On Ongoing Violations of OSCE Commitments by Russia in Ukraine

As delivered by Ambassador Daniel B. Baer to the Permanent Council
Vienna, April 3, 2014

The United States remains unwavering in its support for Ukraine’s sovereignty and territorial integrity and calls for a diplomatic resolution to the crisis. We condemn the Russian Federation’s occupation of Crimea and remain deeply concerned about Russia’s military build-up along the border with Ukraine. The United States’ position is clear and unchanged:  Russia must pull back its forces to their pre-crisis positions and numbers and engage in direct dialogue with Ukraine.

Russia’s military actions in Crimea are illegal. Russia’s actions over the past several weeks have placed it at odds with international law and isolated Russia from the global community.

Russia’s actions stem from weakness, not from strength. Nothing Russia does wrong abroad will fix any of the serious problems Russia faces at home.

Last week in the UN General Assembly, one hundred countries from all regions of the world stood up in support of the fundamental principles of the UN Charter—which require respect for Ukraine’s sovereignty, unity, and territorial integrity—and against Russia’s actions in Ukraine. Here at the OSCE, participating States jointly committed at the Lisbon Summit in 1996 “not to support participating States that threaten or use force in violation of international law against the territorial integrity or political independence of any participating State.” We note our disappointment that a handful of participating States around this table failed to support or, worse, in direct contravention of their OSCE commitments made at Lisbon, voted against the landmark UNGA resolution.

The list of ten who voted with Russia includes Assad’s Syria, Kim Jong-Un’s North Korea, and other dictatorships known as rogues in the international community. It is a list any country should be ashamed to be on.

Mr. Chairman, for the OSCE to support all of Ukraine’s citizens most effectively, monitors must have unrestricted access throughout the territory of Ukraine—including the Crimean region. We note with disappointment that Long-Term Election Observers were denied entry into Crimea this past week. Blocking access to an integral part of Ukraine is inexcusable and hinders the important work conducted by this Organization. We urge participating States to continue supporting all OSCE monitoring missions as well as future extra-budgetary projects requested by the Project Coordinator in Ukraine.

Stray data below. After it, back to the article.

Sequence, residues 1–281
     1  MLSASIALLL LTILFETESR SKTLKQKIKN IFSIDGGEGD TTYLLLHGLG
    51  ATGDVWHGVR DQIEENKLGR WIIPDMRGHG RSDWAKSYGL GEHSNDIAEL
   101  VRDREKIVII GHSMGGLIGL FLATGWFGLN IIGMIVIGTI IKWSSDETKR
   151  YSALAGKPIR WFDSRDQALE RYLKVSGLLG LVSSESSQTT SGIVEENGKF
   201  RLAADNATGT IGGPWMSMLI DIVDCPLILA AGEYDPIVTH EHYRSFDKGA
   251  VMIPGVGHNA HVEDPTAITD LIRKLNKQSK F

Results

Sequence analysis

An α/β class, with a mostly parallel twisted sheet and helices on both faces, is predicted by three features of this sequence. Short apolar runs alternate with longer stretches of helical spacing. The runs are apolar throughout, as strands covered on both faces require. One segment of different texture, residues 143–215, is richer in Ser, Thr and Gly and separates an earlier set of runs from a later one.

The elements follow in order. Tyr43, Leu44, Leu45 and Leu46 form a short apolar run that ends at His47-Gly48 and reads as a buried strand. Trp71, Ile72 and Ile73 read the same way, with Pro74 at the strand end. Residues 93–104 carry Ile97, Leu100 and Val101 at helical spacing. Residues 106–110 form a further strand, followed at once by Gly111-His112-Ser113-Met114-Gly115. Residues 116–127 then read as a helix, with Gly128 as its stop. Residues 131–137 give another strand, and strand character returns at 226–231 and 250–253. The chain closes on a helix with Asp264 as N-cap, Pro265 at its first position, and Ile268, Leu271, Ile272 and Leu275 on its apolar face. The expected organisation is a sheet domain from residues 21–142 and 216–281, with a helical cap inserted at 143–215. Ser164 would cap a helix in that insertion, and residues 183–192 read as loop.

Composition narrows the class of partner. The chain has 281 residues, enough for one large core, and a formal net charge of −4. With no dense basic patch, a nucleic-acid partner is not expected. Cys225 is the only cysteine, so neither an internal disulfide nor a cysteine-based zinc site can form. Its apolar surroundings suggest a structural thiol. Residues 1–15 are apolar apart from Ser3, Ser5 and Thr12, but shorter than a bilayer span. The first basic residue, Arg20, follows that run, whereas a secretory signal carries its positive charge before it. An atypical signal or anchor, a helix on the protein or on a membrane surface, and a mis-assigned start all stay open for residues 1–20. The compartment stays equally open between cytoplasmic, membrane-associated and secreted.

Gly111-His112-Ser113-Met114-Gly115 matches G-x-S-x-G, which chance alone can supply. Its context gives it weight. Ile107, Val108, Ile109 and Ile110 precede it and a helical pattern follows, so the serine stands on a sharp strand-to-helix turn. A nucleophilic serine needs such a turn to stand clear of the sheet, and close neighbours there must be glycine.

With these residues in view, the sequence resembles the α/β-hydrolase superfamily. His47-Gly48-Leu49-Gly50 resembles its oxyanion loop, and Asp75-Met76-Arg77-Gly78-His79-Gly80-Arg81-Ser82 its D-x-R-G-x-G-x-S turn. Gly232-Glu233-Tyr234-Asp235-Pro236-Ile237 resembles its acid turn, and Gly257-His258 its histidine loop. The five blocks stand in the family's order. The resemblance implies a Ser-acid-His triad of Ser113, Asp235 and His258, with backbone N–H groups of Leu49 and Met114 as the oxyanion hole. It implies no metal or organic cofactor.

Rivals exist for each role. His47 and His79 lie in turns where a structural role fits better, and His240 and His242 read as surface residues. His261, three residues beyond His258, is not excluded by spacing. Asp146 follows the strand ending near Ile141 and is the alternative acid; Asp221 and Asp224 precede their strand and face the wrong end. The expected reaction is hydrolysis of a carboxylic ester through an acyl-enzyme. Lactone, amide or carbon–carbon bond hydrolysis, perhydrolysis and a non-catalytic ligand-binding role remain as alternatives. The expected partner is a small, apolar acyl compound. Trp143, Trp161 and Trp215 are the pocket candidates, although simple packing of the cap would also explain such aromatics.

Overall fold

Mr. Chair, I would also like to take this opportunity to emphasize the importance of promoting gender balance in all OSCE activities in Ukraine—particularly among the staff in the numerous monitoring missions on the ground in Ukraine. Over the past 10 years, the OSCE has taken valuable steps towards ensuring that women form part of our comprehensive security. Despite the time pressure to deploy monitors on the ground as soon as possible, we encourage all participating States to review thoroughly their available candidates, and nominate qualified women – as well as men – to serve as monitors. For our part, the United States aims to put forward an equal number of men and women. So far, we have put forward eight women and ten men and we will aim to achieve a 50/50 ratio as the Monitoring Mission continues to build. This will also help to send a message of support to the women of Ukraine who have, as Secretary Kerry has asserted, boldly stepped up to “defend their nation’s right to be independent, democratic and prosperous” and have been an “unwavering anchor in times of challenge.”

Mr. Chairman, in this trying period, we applaud the Ukrainian government for continuing to take a restrained and de-escalatory approach to the crisis and for forging ahead with constitutional reform and preparations for democratic elections. The United States has stood and will continue to stand with all Ukrainians as they strive to secure a stable and peaceful democracy.

Thank you, Mr. Chairman.